Top-level domains (TLDs) are the name spaces of the internet. We're used to seeing .com, .org, and .net, but the expansion of generic top-level domains (gTLDs) in 2012 allowed for individuals, brands, and other organizations to secure their own gTLD. .discover was Discover's first gTLD, and would allow Discover the ability to pursue simplified URL structure.
I was the lead designer and developer for the Network Information Center (NIC) page. A NIC page is an Internet Consortium for Assigned Names and Numbers (ICANN) requirement for any gTLD. There are not many prescribed requirements for these pages, which presented a challenge to our project team: create a unique experience that breathes life into the requirements, translates the Discover brand into a digital "flag in the sand," and maintains compliance with Discover's digital style guidelines.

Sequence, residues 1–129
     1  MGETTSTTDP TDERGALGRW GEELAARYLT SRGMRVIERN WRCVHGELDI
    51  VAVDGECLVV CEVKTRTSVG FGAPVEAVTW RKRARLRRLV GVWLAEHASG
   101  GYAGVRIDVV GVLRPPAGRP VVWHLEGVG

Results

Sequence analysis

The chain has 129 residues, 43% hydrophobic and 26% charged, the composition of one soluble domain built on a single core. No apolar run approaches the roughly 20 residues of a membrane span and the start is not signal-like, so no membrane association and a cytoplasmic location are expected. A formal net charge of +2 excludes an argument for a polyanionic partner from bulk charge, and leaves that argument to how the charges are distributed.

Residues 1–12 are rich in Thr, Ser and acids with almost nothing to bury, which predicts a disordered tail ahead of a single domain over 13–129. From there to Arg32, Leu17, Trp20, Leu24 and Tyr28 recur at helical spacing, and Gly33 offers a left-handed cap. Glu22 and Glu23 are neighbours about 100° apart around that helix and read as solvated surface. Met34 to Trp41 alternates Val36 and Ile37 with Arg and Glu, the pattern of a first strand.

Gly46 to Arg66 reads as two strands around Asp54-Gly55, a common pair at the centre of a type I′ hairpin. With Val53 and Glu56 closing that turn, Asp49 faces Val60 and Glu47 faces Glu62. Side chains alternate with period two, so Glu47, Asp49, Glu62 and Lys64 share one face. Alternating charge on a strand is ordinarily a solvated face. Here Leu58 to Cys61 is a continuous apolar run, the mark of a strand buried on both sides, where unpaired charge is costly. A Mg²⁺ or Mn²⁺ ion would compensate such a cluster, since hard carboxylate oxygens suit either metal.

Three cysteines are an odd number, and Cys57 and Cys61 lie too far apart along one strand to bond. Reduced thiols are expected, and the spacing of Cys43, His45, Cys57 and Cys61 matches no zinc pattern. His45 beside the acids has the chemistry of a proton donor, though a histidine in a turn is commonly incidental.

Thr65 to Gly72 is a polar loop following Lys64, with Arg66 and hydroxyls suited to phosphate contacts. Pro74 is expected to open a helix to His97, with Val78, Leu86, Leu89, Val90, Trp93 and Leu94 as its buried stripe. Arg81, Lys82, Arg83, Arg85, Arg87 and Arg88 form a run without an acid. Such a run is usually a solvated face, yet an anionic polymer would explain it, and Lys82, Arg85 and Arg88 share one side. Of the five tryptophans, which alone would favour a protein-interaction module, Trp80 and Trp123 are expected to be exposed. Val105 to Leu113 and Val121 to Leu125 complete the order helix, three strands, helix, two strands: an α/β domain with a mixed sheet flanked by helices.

After a review of other brands launching their own NIC pages (Marriott, Las Vegas, BMW, Chase, and Google, to name a few), I moved forward by proposing three different responsive designs.
To achieve this project, I collaborated with our domain and digital style managers, senior digital and brand leadership, creative services, external relations, legal, and network operations. The result was a clean and easy-to-use design that fulfilled ICANN requirements and allowed the Discover brand to be expressed in this new venture. This project was the first step towards Discover being able to create simplified web experiences utilizing a gTLD.
You can visit the live page at http://nic.discover.